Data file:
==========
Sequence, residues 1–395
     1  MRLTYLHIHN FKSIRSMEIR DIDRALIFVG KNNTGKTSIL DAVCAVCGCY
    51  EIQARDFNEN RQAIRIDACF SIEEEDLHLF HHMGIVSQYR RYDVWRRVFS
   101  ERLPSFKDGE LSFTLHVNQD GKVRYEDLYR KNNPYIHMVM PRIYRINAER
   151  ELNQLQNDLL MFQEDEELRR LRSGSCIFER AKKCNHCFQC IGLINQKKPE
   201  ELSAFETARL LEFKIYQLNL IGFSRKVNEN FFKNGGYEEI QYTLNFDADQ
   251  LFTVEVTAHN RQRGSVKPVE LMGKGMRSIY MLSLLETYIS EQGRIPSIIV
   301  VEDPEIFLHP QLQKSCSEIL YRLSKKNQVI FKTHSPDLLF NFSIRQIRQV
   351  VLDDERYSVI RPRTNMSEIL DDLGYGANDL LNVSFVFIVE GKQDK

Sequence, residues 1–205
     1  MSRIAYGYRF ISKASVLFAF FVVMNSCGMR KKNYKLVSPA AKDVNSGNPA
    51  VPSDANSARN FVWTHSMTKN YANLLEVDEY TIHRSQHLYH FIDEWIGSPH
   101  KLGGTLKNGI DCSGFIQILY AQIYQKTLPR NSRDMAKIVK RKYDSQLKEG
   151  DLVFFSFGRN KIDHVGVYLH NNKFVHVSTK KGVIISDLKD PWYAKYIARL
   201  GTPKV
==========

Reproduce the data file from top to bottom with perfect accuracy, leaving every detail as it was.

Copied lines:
Sequence, residues 1–395
     1  MRLTYLHIHN FKSIRSMEIR DIDRALIFVG KNNTGKTSIL DAVCAVCGCY
    51  EIQARDFNEN RQAIRIDACF SIEEEDLHLF HHMGIVSQYR RYDVWRRVFS
   101  ERLPSFKDGE LSFTLHVNQD GKVRYEDLYR KNNPYIHMVM PRIYRINAER
   151  ELNQLQNDLL MFQEDEELRR LRSGSCIFER AKKCNHCFQC IGLINQKKPE
   201  ELSAFETARL LEFKIYQLNL IGFSRKVNEN FFKNGGYEEI QYTLNFDADQ
   251  LFTVEVTAHN RQRGSVKPVE LMGKGMRSIY MLSLLETYIS EQGRIPSIIV
   301  VEDPEIFLHP QLQKSCSEIL YRLSKKNQVI FKTHSPDLLF NFSIRQIRQV
   351  VLDDERYSVI RPRTNMSEIL DDLGYGANDL LNVSFVFIVE GKQDK

Sequence, residues 1–205
     1  MSRIAYGYRF ISKASVLFAF FVVMNSCGMR KKNYKLVSPA AKDVNSGNPA
    51  VPSDANSARN FVWTHSMTKN YANLLEVDEY TIHRSQHLYH FIDEWIGSPH
   101  KLGGTLKNGI DCSGFIQILY AQIYQKTLPR NSRDMAKIVK RKYDSQLKEG
   151  DLVFFSFGRN KIDHVGVYLH NNKFVHVSTK KGVIISDLKD PWYAKYIARL
   201  GTPKV